Surrounded by books, filing cabinets and Hollinger boxes, Darrell Strope can be found every Monday and Tuesday in the research library located in the basement of the Cole County Historical Society on Madison Street across the street from the Governor's Mansion.
Strope has been volunteering with the society since 2013, when he retired from computer programming at the Missouri's House of Representatives. His passion for history began when he was a young boy who often saw his parents researching genealogy.
"I honestly don't remember how or why I got interested," Strope said. "I was taking a typing course at school and would type mom's notes for practice. I must have seen something that sparked my curiosity. After dad died, I would spend Sunday afternoon with mom. We would go riding and visit cemeteries. Something clicked."
A majority of his work at the society has consisted of inventory and indexing information for potential future projects. The society currently has a collection that used to be indexed by the library but is sometimes too general to help with research requests.
"Someone might come in and want some information, and it might be in one of those collections and we just don't know it," he explained. "I found, just recently, a receipt given to Daniel Morgan Boone in 1821 or 1822, but he was one of the commissioners who laid out Jefferson City. It's for $4 and it was his receipt for services. I don't know the time period if it was a day, a week or month but it was for $4 and that might have been a lot of money back then."
The most common research requests Strope receives are for historic housing or businesses and family genealogy.
"There for awhile, we were getting a lot of requests from people redoing these buildings downtown. They want to try and get the facade back to the way it looked so they wanted to know if we had pictures, and I always found that was interesting — you learned a little history there," he said.
Strope has also been doing a lot of research for the Madison Walk tour that will take place Sept. 16. The tour will feature a variety of locations that have documented Jefferson City's history between 1800-1960.
His research of the city has also helped him find more information for his genealogy research requests and visa versa.
He recently discovered the Terminal Hotel, which is now the area of the parking lot below First Baptist Church. His discovery came from a photo request from a man whose grandfather had met his grandmother at the On Time Bar, which partially occupied the Terminal Hotel. The man was looking for an old photo of the building to give to his grandfather.
"Unfortunately, no pictures; but I did find out that the On Time Bar and a Capitol machine shop had occupied the hotel," Strope said.
Strope hopes more people will contribute items from their family's history to the society in order to make these types of connections. He mentioned the best ways to begin researching your genealogy is by talking to people — parents, grandparents, aunts, uncles, etc. — to get names, dates and locations.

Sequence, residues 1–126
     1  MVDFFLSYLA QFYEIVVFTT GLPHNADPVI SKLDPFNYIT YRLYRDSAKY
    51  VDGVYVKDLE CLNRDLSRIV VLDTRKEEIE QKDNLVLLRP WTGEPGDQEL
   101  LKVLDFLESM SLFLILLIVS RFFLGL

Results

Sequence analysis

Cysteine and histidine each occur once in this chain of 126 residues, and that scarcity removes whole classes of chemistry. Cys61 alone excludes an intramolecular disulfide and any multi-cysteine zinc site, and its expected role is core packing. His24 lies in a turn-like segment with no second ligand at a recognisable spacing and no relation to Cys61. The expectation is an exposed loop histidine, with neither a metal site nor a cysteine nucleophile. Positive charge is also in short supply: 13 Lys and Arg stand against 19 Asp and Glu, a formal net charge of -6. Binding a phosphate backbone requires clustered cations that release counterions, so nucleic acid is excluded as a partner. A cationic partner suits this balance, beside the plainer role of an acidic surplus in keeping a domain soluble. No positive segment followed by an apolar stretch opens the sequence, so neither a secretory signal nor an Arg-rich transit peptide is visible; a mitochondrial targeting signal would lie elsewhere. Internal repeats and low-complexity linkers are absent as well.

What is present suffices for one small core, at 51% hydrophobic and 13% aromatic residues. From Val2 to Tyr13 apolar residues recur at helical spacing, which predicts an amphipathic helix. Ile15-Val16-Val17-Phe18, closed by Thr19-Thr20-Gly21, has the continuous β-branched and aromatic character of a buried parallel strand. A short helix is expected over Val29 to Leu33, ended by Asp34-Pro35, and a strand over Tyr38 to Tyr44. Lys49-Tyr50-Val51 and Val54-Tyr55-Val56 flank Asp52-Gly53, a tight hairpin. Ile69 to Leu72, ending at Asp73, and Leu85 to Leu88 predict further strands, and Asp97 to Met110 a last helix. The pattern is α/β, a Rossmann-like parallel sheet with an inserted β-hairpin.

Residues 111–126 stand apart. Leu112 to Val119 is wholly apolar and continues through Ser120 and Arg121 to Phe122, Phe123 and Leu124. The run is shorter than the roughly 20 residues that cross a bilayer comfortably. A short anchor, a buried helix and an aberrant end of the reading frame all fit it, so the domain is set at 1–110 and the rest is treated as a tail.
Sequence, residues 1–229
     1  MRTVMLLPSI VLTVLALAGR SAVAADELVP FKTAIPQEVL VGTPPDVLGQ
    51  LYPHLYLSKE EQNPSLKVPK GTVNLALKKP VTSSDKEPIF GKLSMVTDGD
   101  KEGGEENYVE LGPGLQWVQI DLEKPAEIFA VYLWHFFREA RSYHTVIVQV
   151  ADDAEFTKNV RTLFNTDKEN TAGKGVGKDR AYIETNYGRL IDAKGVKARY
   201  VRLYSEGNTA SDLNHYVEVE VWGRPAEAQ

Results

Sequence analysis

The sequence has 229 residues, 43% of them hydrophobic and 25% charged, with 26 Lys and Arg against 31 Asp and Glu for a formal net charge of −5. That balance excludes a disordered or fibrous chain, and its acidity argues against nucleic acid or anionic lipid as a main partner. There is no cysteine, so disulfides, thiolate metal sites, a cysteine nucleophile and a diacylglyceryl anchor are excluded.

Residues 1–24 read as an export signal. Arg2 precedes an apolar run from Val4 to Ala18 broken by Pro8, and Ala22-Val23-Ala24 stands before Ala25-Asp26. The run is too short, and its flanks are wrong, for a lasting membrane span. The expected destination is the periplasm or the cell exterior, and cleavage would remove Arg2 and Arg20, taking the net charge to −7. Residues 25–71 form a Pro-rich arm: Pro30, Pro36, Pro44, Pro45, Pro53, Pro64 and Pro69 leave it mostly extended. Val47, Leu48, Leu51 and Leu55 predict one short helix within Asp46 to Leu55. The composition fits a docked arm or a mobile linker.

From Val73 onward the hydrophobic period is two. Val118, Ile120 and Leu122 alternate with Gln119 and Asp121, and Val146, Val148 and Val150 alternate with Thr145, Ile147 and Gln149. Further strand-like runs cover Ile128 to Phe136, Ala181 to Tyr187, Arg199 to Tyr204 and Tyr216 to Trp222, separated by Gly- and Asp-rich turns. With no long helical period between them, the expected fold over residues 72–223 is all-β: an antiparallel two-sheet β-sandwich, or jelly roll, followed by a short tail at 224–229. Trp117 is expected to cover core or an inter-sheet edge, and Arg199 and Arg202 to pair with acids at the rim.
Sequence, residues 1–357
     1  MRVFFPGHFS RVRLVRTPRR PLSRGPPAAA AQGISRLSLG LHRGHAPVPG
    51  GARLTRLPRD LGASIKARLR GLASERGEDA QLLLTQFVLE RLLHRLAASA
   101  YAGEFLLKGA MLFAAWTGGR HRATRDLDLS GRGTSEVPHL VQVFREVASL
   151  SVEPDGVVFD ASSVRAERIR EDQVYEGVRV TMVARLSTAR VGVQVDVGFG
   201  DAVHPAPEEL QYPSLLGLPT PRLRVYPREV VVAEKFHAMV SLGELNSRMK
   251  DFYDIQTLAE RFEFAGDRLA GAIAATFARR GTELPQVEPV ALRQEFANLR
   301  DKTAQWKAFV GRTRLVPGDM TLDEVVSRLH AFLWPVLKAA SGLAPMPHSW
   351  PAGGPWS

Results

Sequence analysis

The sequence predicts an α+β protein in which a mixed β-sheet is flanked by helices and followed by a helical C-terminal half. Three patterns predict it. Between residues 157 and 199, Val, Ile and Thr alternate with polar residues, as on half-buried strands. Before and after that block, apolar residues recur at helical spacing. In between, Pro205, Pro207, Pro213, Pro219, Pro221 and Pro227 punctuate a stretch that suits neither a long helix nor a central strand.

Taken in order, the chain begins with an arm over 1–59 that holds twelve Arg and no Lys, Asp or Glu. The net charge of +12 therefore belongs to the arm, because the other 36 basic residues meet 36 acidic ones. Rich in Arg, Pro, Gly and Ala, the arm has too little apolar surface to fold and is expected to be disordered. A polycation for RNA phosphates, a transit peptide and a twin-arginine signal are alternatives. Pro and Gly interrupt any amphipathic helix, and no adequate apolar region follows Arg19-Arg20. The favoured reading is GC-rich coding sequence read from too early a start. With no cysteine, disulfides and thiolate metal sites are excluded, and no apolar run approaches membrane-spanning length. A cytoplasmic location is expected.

"If no dates are given, then you start looking at tombstones, church records and county records for dates. When you have a date of death, then obituaries and wills are available and may supply a wealth of information. A birth date may be used to find parents. A marriage date may give a spouse's name and sometimes the parent's names," Strope advised.
Anyone is encouraged to contribute bits of information about their family through emails or letters to the society or donate items from past family members.
"Any old family documents that they don't know what to do with — any memorabilia that they've got or little pieces written up or something — and if you don't want to give it to us, make a copy and send it to us, because somewhere down the road, someone is going to use that little piece," he said.
Strope also mentioned collecting pieces of family history not only helps him but also helps those who may be looking for inspiration to write a new book.
"This is the kind of place they come to look for information," Strope said. "And I kind of like to think of this place that it's more than just names and dates; we can find you stuff to write a story."
Although Strope is skilled in his research and organization of history, he said it has become difficult to maintain the historical society with the low number of volunteers helping with inventory and rotation of items and tours of the museum.
The museum consists of multiple rooms that feature variety artifacts relating to the past lifestyles of Cole County families including luxurious historic furnishings from the Price family, the McCarty family and others. The museum also features a collection of Inaugural Ball gowns worn by former Missouri first ladies and China used by Gov. Samuel Baker and his wife, Nell, that are hand-decorated and painted with 23-karat gold over floral-etched design.
Strope said he hopes more people take notice of the kind of local history the museum has to offer and hopes more people begin to use the Cole County Historical Society as a resource when they become more interested in their family's history.
"Interests change," he said. "You know, I've got all this genealogical material, what am I going to do with it? My niece is 40 right now and she has no interest in it, but when she's 50, she might start rethinking about family a little bit."
When asked why he works with the Cole County Historical Society, Strope simply explained, it's so he can preserve historical information so anyone doing research might find and access the information.
More information about the Cole County Historical Society, their museum and upcoming events can be found on the organization's website at www.colecounyhistoricalmuseum.org and Facebook page, @ColeCountyHistoricalSociety.